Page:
An herb. A fruit. A superfruit! A clone. The modern banana is something many of us take for granted. It’s at the front of neighborhood grocery stores and on kitchen counters around the world. It’s delicious and dependable and seedless. But it wasn’t always that way.
Bananas are the world’s fourth largest crop, and though they may be everywhere, they don’t grow on trees. Since their stalks aren’t made of wood, banana plants are technically herbs. The global food markets depend on these herbs for over 50 billion tons of fruit every year1.
In North America and Europe, the average individual eats about 12 kilograms of bananas each year. Many citizens in Africa and Asia eat that much every month. Most of the world’s bananas grown for export come from developing countries in Latin America, where crate after crate of green bananas are the lifeblood of the local economy.
It’s hard to overstate the importance of bananas in the developing world. More than 400 million people rely on them for 15 to 27 percent of their daily calories. In Central and East Africa alone, half of permanent cropland is dedicated to growing the fruit.
The story of the banana goes back ten thousand years. And it isn’t without bruises.
The banana you know and love is a variety called the Cavendish. This plump pouch of potassium is a descendant of the wild banana herb whose fruit is so small and full of seeds, it’s nearly inedible. But about ten-thousand years ago, somewhere in the forests of Southeast Asia, one of these wild plants dropped its fruit to the jungle floor, and inside its dense black seeds hid a happy genetic accident. Something was different about its DNA because this banana’s offspring grew tall, and healthy, and seedless. And that seedlessness made it easier to eat.
Our Stone Age predecessors stumbled upon this delicious mutant fruit, cut its stem, and replanted it. They had big plans for its future.
Eventually, traders brought edible banana varieties from Asia to Africa. By boat, the fruit began to spread across Africa, Europe and the Americas, playing an integral part in our diets throughout time.
Commercial banana production began in the early 1800s. Up until the 1950s, the world’s favorite banana wasn’t the Cavendish, but a sweeter, more delicate variety called the Gros Michel.
But the seedlessness that made this fruit so appetizing also made it susceptible to threats. Since farmers had to cut and replant stems instead of harvesting and planting seeds, they propagated the same genetic traits for decades. The result was row after row of cloned plants with a singular weakness.
In the 1940s, the Gros Michel’s vulnerability opened the door to a massive soil fungus infestation. A pathogen called Fusarium wilt, Tropical Race 1 (TR1) infected nearly every banana plantation around the world.
Starting in the roots, the pathogen starved the plant of nutrients and water, shriveling its bright green leaves and turning them black. Farmers were forced to burn the plant and move to new land. This decimation gave way to the modern Cavendish variety.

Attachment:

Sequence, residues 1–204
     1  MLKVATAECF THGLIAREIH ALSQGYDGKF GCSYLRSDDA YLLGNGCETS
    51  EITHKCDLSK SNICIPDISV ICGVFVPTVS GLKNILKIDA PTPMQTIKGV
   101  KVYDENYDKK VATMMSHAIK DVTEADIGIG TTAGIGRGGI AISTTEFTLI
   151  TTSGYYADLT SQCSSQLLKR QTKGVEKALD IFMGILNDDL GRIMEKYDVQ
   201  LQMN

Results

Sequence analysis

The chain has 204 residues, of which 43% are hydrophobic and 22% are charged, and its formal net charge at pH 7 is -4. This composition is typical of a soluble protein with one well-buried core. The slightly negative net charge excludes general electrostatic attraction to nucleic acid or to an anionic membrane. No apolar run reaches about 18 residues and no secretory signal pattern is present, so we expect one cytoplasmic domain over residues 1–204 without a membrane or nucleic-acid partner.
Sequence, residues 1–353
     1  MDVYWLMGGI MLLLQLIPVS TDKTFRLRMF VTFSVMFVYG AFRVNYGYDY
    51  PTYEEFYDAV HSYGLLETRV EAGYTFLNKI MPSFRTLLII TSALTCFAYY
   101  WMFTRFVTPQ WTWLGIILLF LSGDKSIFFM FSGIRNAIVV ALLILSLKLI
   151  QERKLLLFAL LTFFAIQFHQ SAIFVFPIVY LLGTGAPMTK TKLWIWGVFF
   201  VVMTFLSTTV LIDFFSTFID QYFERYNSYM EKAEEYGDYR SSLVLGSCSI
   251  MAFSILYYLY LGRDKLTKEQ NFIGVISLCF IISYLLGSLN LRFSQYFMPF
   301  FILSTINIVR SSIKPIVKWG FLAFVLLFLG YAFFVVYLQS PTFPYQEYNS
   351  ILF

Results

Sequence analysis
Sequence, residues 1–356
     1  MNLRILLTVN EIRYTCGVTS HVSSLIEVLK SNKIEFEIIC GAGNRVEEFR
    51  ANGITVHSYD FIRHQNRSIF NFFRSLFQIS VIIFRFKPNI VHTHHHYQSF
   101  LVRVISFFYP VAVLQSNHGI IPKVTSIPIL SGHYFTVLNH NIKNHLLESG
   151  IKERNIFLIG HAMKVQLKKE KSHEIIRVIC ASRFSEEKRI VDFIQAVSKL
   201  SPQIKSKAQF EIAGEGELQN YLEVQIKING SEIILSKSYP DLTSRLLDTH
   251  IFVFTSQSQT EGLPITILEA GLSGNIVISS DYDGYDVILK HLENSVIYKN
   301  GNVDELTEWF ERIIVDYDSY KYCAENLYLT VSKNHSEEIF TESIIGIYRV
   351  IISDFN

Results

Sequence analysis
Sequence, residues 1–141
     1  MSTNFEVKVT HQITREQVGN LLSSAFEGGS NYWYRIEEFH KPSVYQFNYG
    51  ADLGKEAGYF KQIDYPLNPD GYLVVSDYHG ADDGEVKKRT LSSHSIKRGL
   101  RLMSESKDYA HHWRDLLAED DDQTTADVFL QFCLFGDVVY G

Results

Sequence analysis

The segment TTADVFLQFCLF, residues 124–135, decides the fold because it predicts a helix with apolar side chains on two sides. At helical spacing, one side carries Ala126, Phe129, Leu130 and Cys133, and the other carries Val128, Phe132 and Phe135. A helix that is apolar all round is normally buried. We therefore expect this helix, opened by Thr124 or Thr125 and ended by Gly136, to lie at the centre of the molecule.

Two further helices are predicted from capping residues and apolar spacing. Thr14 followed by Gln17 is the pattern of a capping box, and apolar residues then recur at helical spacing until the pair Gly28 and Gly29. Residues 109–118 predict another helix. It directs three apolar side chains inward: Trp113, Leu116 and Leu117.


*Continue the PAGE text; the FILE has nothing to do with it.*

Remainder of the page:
The Cavendish existed at the time in relative obscurity until banana farmers realized it had one key advantage over the Gros Michel—it’s resistant to TR1.
However, after six decades as the world’s leading banana, the Cavendish is now facing a serious threat of its own—TR4. Like a shadow, the latest version of the tropical race fungus, has followed the banana’s path from the tropics of Southeast Asia to Australia then Africa, and has now crossed the Atlantic to Colombia.
Similar to TR1, there is no fungicide to combat TR4, which puts modern exporters in Latin America, and smallholders in Asia and Africa at serious risk.
However, there is hope for those who rely on this crop for their livelihood and sustenance.
If the world wants a banana, we’ll have to turn to science. It will require the best in human ingenuity to redirect the course of this fruit once again. This may mean saying goodbye to the Cavendish and embracing new genetic techniques including gene modification.
To overcome Fusarium TR4 in Australia, scientists have inserted a gene from a wild banana into the Cavendish. In field trials, the resulting variety was 100 percent resistant after a three-year period of exposure to the disease, which is a good sign for farmers and consumers2.
Fusarium wilt threatens more than just our favorite snack. It represents one of the most important food security challenges worldwide. Bayer has partnered with the Inter-American Institute for Cooperation on Agriculture and the NGO Solidaridad, as well as with other influential organizations, producer associations, members of academia and the private sector to help save the banana from commercial extinction.
In addition to advanced plant breeding, Bayer and our partners are developing a training model for farmers to fight the spread of the disease, and fostering detection in regions where TR4 has spread. Also, together with partners, we are conducting trials with different crop protection products that are already used in other crops.
Farmers, researchers, and agriculture companies are working hard to fight TR4 and find solutions because, well, people love bananas. If the Cavendish does disappear, another variety will surely be there to take its place. At Bayer, we use science to solve challenges, and we believe that’s exactly what’s needed to save the world’s favorite accidental fruit. Because, that’s what a banana is, really.